In particular, the report does not explore the impact of children and family life. While these and similar factors are beyond the scope of this study, they are sig­nificant in impacting women’s faculty career choices.

Also, incremental changes in the percentages of women with doctoral degrees and in postdoctoral positions do not by themselves result in commensurate changes in the numbers of women faculty in universities, especially at senior levels. Much more needs to be known about the careers of women scientists after and even during graduate school, as well as the many career paths they may fol­low that may lead them away from academia. This study focuses primarily on key transition points in academic careers that research-intensive institutions can control and influence. Substantial additional research is needed to create a more complete picture of women’s career paths (see suggestions in Chapter 6).

The study reassesses and extends, with newly collected data, results of prior examinations of gender differences in academia to establish the contemporary veracity of those conclusions and to document trends over time. The study moves beyond earlier analyses by focusing more directly on the role of three sets of fac­tors thought to produce gender differences in academic careers: (1) institutional practices and procedures, including the hiring and tenure processes; (2) individual characteristics, such as the role of marriage and family in the academic career paths of men and women; and (3) the overarching, changing nature of the aca­demic profession. Focusing on these factors, the committee reformulated the charge into a series of guiding research questions about academic hiring, institu­tional resources and climate, and tenure and promotion.

Academic Hiring (Chapter 3)

• Is gender associated with the probability of individuals applying for S&E positions in Research I institutions?

• Given that an individual applies for a position, does a woman have the same probability of being interviewed as a man?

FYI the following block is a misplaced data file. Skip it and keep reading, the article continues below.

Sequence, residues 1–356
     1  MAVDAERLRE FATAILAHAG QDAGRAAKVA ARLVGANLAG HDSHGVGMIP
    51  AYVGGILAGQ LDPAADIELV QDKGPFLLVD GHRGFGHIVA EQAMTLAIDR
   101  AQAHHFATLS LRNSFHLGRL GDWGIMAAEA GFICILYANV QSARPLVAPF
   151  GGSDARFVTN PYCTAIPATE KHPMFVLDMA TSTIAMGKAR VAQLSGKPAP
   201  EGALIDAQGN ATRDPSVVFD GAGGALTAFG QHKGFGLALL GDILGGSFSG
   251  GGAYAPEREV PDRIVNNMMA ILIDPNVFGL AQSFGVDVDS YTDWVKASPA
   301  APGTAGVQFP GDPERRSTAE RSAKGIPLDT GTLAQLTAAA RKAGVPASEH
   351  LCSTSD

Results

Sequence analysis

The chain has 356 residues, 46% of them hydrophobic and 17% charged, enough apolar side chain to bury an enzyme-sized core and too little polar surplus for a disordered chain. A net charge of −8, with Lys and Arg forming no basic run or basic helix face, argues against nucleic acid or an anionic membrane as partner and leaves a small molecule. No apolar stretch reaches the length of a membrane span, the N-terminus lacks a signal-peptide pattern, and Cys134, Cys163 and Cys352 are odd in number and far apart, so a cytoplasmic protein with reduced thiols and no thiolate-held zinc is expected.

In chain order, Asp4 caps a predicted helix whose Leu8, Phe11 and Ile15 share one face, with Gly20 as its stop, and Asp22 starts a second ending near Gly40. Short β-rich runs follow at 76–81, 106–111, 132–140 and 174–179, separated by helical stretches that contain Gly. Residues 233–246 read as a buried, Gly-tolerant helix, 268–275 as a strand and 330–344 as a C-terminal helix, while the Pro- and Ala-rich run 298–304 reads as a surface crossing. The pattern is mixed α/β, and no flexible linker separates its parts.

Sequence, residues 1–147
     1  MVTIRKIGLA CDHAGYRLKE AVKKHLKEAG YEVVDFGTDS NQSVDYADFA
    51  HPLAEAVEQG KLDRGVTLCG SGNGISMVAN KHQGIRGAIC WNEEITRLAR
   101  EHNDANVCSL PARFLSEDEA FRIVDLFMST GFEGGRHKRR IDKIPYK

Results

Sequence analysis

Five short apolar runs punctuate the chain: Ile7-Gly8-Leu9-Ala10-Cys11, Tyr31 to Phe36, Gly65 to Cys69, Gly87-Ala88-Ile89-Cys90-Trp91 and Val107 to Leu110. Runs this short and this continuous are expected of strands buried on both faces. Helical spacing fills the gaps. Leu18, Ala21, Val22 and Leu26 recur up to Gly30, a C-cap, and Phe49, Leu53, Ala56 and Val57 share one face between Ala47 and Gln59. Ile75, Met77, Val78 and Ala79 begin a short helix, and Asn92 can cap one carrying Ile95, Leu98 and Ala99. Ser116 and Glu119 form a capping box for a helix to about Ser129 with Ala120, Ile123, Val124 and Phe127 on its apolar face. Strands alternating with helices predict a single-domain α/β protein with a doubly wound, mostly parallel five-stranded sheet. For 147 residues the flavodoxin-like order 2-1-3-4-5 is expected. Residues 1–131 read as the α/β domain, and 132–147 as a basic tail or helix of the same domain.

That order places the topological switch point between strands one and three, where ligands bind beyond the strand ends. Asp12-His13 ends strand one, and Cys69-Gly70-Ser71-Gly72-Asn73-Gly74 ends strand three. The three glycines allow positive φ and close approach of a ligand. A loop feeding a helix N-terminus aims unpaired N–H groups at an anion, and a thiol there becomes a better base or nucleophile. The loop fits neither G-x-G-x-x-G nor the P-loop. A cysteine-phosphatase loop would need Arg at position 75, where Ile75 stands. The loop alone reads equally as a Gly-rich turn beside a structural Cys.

• Given that an individual is interviewed for a position, does a woman have the same probability of being offered a position as a man?

Institutional Resources, Professional Activities, and Climate (Chapter 4)

• Do male and female faculty engage in similar professional activities?

• Do male and female faculty receive similar institutional resources?

• Are male and female faculty similarly productive in terms of research?

• Is the departmental/institutional climate the same for male and female faculty?

• Do male and female faculty have similar rates of retention and degrees of job satisfaction?

Tenure and Promotion (Chapter 5)

• Are similar male and female faculty equally likely to receive tenure?

• Are similar male and female faculty equally likely to receive a promotion?

• Do men and women spend similar amounts of time at lower and inter­mediate ranks?

To answer these questions, the committee relied on multiple sources of information, but especially on information collected through two national surveys of individual faculty and academic departments, described in detail later in this chapter. Chapters 3, 4, and 5 present the results of the statistical analyses of the data collected in the surveys during the course of this study. In a number of cases, findings from the current surveys differ from some of the positions put forth in the literature, as summarized in Chapter 2. Recommendations offered in Chapter 6 are based directly on the committee’s analysis of the survey data.